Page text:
By Jeff Caplan, NBA.com
VIDEO: Dirk Nowitzki discusses close overtime loss to the Warriors
DALLAS — The home-cooking the Dallas Mavericks dearly needed during a franchise-long eight-game homestand never materialized, not even in the final moments of Tuesday’s crushing overtime loss to the Golden State Warriors when the Mavs couldn’t believe Jermaine O’Neal wasn’t whistled for goaltending.
Dallas, which would have found itself alone in seventh place with the win, instead again fell out of the wild West playoff picture into ninth, one-half game behind Memphis and Phoenix with seven games remaining, including five on the road. Owner Mark Cuban stood in defiant disbelief behind the scorer’s table after the buzzer sounded on Golden State’s 122-120 victory, and distributed choice words to the officiating crew that included longtime nemesis Danny Crawford.
Cuban likely didn’t sleep well considering the toll, as he noted prior to the game, this all-consuming playoff chase exacts on his blood pressure.
“Everything’s stressful to me,” Cuban said. “For those 48 minutes it’s incredibly stressful. It was actually more stressful a couple of weeks ago because we were just going into this thing [the homestand], but now we’re here.”
A couple of weeks ago, Dallas blasted Oklahoma City at their place. They were 40-27 and in seventh place with eight consecutive home games ahead. Inside Tuesday night’s melancholy Mavs locker room, a familiar scene over this 4-4 homestand, one which the Mavs went 1-3 in overtime games and failed to put together consecutive victories, unfolded.
Monta Ellis, who was excellent with 27 points, again bolted the scene before reporters were allowed to enter the locker room. Left to explain why Dallas habitually can’t get stops or a crucial rebound in the final minutes were 37-year-old sixth man Vince Carter and the always stand-up superstar Dirk Nowitzki, whose 33 points on 13-for-21 shooting and a spectacular 6-for-8 from beyond the arc, plus 11 rebounds, wasn’t enough to finish the job.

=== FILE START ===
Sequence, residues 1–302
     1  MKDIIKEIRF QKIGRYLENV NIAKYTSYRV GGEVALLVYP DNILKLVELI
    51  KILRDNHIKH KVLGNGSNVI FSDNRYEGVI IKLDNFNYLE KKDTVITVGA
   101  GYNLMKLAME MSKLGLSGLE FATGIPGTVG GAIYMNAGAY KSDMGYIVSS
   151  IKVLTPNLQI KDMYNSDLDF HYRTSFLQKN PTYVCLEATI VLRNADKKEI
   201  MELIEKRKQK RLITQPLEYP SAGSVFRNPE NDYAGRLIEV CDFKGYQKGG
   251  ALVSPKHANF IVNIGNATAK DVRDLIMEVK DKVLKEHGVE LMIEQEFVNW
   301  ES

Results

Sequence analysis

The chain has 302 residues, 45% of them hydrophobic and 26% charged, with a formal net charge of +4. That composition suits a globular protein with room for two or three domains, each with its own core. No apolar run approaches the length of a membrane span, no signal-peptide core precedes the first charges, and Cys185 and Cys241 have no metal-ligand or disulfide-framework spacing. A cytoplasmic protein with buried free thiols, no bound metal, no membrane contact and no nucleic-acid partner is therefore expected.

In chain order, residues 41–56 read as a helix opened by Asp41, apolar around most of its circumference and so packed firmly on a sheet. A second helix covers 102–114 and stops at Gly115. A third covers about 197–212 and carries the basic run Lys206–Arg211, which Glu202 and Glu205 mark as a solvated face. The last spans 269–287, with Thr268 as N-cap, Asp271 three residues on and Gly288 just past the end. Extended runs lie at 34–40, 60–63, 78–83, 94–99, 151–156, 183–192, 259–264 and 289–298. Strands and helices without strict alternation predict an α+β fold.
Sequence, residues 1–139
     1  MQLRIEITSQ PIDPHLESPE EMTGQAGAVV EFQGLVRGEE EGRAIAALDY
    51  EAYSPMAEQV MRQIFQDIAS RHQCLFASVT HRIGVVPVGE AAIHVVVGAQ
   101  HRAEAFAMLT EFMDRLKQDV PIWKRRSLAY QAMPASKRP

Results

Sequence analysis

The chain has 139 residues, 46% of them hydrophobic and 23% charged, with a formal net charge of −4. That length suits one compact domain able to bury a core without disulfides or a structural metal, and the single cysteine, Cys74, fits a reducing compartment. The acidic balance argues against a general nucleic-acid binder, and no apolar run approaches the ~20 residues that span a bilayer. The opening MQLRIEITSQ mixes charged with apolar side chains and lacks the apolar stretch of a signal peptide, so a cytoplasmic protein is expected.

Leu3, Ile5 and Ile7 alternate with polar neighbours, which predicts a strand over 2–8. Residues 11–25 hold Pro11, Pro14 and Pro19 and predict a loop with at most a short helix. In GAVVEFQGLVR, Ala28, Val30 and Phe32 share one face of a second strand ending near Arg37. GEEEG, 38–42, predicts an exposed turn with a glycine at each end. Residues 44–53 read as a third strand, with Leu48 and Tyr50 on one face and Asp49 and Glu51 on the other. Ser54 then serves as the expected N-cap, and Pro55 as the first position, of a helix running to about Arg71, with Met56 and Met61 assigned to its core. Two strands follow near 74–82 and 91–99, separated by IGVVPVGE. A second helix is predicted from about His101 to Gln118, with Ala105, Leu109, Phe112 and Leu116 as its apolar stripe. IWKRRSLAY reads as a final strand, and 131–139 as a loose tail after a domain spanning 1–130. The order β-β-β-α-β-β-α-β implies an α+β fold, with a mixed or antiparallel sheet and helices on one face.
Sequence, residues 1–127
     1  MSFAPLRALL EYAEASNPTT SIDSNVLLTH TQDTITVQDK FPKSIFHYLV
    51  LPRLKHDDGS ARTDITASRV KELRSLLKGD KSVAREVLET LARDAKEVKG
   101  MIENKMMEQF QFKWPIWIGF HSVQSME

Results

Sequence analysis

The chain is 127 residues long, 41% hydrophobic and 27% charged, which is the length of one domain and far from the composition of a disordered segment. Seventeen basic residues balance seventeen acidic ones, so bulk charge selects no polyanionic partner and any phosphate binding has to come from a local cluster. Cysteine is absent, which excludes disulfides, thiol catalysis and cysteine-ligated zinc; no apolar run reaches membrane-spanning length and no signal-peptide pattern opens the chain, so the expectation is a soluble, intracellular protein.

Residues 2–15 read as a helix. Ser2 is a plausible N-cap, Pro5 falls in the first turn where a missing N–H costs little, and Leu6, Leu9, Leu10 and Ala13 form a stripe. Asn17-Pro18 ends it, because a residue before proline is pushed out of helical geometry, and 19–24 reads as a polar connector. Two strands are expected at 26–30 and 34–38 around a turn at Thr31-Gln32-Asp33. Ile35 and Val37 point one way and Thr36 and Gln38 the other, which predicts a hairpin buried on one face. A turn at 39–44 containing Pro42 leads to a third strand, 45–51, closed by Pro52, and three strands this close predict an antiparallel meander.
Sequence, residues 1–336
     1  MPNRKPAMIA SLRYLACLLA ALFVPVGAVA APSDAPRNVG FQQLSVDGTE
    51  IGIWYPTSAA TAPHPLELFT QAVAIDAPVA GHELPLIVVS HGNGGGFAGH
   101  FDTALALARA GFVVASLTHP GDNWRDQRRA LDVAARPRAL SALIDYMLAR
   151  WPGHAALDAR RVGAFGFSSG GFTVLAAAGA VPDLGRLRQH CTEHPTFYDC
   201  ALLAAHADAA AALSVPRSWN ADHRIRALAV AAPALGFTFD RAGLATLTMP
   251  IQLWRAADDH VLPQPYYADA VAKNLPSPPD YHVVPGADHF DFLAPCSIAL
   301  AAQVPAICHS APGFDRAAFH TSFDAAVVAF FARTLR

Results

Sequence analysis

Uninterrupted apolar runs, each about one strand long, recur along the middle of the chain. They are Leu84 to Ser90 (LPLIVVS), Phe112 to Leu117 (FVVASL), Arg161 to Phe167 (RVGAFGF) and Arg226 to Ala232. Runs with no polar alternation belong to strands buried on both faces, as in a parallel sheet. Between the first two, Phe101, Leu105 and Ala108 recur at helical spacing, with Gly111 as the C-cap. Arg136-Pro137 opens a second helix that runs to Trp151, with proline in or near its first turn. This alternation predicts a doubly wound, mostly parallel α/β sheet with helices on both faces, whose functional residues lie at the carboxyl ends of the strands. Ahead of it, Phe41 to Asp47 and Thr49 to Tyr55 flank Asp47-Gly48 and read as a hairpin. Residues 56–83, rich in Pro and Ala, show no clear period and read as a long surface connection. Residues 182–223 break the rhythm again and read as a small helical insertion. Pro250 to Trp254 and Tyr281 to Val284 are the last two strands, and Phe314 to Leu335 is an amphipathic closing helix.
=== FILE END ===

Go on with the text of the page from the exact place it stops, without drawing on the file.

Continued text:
“All four losses that we took were just brutal, just gut-punches,” said Nowitzki, who missed the playoffs last season for the first time in 13 years. “If we pull out one or two somehow, I think it’s a decent homestand. But we didn’t.”
Over the eight games, Nowitzki, 35, averaged 22.8 ppg, 7.5 rpg and 2.9 apg. Overall, the grueling nature of these final, must-have contests plus the four overtime periods that extended his minutes to 35.3 a game, an increase of three minutes a game more than coach Rick Carlisle prefers to play him, proved tough on Nowitzki’s aging legs, and it showed in a couple of rough fourth quarters and in his shooting percentages: 45.7 overall, 33.3 from beyond the arc and 81.6 from the free-throw line, all well below his season averages that have him on the verge of another 50-40-90 campaign. Only Steve Nash has accomplished such marksmanship at Dirk’s age or older.
The Mavs have put themselves in jeopardy of wasting what has been a magnificent season for Nowitzki in his 16th year. He has steadily climbed the NBA’s all-time scoring list and needs just 33 points to pass Dominique Wilkins for 11th place, and he needs 85 points over the final seven games to pass Oscar Robertson and become a top 10 all-time scorer.
Nowitzki is averaging 21.6 ppg on 49.1 percent shooting (39.2 percent from beyond the arc), 6.2 rpg and 2.7 apg this season. The only other players to put up at least 21.0 ppg on 49 percent shooting, 6.0 rpg and 2.0 apg at age 35 or older? Kareem Abdul-Jabbar did it four times from age 35 to 38, and Karl Malone did it three times from age 35 to 37. Both made the playoffs in each of those seasons.
The looming question is: Will Dirk?